Needs and preferences for the prevention of intimate partner violence among Hispanics: a community's perspective.

Published

Journal Article

Research suggest that Hispanics in the U.S. are disproportionately affected by the consequences of intimate partner violence. Nevertheless, few intimate partner violence prevention interventions have been developed to address the unique needs and preferences of this population. The Partnership for Domestic Violence Prevention is a community-based participatory research project that assessed the needs and preferences for prevention programs for Hispanics in Miami-Dade County. Nine focus groups with domestic violence service providers, victims and general community members were conducted (N = 76). Four major themes emerged from the focus groups. These included immigrants and teens as the highest priority groups to target in prevention efforts, culture as a double-edged sword, the system that helps and hurts the victim, and the need for wide-scale prevention programs that would reach Hispanics systematically. The results from this study have important implications for the development of intimate violence prevention interventions targeting Hispanics in the U.S.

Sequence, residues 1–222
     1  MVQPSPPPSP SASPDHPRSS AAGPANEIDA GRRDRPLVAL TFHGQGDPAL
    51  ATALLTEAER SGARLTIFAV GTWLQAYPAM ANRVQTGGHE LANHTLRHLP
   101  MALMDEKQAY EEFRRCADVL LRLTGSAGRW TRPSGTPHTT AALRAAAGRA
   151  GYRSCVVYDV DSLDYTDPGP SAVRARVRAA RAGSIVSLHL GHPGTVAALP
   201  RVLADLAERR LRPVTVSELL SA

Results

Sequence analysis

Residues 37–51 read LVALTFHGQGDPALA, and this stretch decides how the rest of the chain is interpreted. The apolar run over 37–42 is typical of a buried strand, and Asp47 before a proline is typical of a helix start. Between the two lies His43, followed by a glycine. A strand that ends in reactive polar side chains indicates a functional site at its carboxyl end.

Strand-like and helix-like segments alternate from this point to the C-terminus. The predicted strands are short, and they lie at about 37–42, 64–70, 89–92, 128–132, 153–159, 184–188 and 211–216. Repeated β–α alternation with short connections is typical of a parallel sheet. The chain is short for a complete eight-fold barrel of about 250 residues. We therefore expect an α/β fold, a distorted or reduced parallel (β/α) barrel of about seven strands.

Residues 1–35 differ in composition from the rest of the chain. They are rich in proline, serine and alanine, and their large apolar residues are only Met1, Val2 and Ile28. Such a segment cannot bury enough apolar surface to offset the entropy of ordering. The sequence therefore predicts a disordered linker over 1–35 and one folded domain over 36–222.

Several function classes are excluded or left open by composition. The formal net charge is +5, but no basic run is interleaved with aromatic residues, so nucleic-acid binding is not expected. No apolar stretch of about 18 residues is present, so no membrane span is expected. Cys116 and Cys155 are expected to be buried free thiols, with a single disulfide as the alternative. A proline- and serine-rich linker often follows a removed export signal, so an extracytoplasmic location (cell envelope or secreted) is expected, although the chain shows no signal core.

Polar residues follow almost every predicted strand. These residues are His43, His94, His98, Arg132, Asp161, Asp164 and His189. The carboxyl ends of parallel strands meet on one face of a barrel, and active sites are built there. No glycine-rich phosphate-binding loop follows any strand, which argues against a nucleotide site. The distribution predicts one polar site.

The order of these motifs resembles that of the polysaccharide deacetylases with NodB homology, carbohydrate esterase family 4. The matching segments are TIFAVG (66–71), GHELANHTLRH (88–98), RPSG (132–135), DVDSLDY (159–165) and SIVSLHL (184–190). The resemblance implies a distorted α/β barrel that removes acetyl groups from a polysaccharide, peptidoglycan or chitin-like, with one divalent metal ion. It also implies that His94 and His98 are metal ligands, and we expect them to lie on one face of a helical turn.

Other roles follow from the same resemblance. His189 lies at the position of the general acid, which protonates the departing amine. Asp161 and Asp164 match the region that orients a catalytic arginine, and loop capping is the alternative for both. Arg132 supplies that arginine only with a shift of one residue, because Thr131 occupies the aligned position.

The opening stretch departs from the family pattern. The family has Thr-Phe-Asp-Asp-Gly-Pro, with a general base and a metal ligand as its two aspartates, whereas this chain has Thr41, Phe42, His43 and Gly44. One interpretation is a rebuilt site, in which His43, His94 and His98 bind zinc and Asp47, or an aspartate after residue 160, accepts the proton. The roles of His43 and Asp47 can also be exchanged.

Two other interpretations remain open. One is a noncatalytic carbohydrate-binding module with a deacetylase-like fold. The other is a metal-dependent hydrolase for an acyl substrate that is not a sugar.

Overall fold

Full Text

Duke Authors

Cited Authors

  • Gonzalez-Guarda, RM; Cummings, AM; Becerra, M; Fernandez, MC; Mesa, I

Published Date

  • August 2013

Published In

Volume / Issue

  • 34 / 4

Start / End Page

  • 221 - 235

PubMed ID

  • 23843106

Pubmed Central ID

  • 23843106

Electronic International Standard Serial Number (EISSN)

  • 1573-6547

International Standard Serial Number (ISSN)

  • 0278-095X

Digital Object Identifier (DOI)

  • 10.1007/s10935-013-0312-5

Language

  • eng